August 2, 2011
By Allie Grasgreen
David Schaad knows a lot about farming.
He knows it’s important to start work at 8 a.m., so he can harvest the leafy green vegetables like lettuce and kale before it gets too hot, and he knows to bring his harvesting knife for root vegetables like carrots, scallions and green onions.(snip)
David Schaad doesn’t know where he’ll go after graduating from the University of Montana. But he knows one thing: it will involve growing food — and not just because his food is delicious. He wants to support a growing alternative to the massive companies that — in his view, at the expense of the environment, the land and the small family farms that used to do this job — have taken over agriculture.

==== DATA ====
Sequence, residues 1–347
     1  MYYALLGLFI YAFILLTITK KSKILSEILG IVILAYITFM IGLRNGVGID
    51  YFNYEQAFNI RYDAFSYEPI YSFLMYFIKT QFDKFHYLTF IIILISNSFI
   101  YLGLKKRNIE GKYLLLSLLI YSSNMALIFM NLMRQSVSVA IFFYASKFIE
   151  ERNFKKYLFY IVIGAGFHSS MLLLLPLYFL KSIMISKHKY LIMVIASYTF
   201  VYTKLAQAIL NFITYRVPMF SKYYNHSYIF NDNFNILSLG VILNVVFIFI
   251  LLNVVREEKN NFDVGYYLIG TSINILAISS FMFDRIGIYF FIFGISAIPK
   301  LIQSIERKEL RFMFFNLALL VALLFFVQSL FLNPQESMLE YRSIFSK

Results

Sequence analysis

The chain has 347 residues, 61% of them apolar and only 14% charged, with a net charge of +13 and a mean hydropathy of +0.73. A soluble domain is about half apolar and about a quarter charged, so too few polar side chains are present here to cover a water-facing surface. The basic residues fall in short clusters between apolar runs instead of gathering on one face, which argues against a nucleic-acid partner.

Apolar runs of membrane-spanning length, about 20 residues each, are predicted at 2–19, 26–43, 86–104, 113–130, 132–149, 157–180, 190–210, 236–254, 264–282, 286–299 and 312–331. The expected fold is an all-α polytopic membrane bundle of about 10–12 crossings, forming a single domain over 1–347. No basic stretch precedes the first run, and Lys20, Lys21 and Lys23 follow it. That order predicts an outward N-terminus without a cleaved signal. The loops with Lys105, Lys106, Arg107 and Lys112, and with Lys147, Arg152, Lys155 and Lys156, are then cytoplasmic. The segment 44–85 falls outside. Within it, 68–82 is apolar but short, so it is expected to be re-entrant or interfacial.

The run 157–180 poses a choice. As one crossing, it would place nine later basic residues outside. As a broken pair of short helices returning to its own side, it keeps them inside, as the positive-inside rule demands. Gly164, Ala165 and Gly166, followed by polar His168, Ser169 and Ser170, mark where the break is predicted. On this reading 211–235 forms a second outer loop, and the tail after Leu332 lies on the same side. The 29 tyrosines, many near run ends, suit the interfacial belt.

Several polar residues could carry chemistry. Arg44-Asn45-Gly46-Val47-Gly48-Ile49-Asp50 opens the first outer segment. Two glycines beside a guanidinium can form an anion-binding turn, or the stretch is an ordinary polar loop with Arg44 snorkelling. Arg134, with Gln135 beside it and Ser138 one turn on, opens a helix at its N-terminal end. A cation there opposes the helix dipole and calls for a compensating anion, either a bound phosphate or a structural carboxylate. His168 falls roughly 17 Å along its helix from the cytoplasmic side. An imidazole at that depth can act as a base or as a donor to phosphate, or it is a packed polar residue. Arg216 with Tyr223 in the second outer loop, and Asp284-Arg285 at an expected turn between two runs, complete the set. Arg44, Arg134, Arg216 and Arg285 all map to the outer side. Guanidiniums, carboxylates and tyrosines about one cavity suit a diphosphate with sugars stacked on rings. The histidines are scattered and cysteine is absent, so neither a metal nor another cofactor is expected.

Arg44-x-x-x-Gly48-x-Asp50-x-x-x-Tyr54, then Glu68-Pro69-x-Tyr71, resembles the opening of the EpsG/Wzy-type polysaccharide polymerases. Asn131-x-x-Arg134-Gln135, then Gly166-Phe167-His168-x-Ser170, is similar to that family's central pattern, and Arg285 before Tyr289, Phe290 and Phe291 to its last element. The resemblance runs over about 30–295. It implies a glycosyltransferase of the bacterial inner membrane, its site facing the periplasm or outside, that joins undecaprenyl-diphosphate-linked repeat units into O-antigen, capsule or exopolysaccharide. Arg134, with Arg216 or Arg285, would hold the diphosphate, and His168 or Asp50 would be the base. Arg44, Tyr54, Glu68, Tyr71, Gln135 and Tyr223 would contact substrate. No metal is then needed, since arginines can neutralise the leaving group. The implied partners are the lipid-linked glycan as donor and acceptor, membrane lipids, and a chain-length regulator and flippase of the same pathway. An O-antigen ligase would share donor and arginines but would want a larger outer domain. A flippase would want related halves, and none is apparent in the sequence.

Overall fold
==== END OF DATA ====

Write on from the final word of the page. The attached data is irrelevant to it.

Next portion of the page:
“I feel like, in a lot of ways, because there’s such an increase in demand among the public in general for organic food, and increasingly as well for local in-season produce, that the agribusiness model is not as powerful as it used to be,” Schaad says. “Maybe it’s just the optimist in me, but I see a lot of cause for hope.”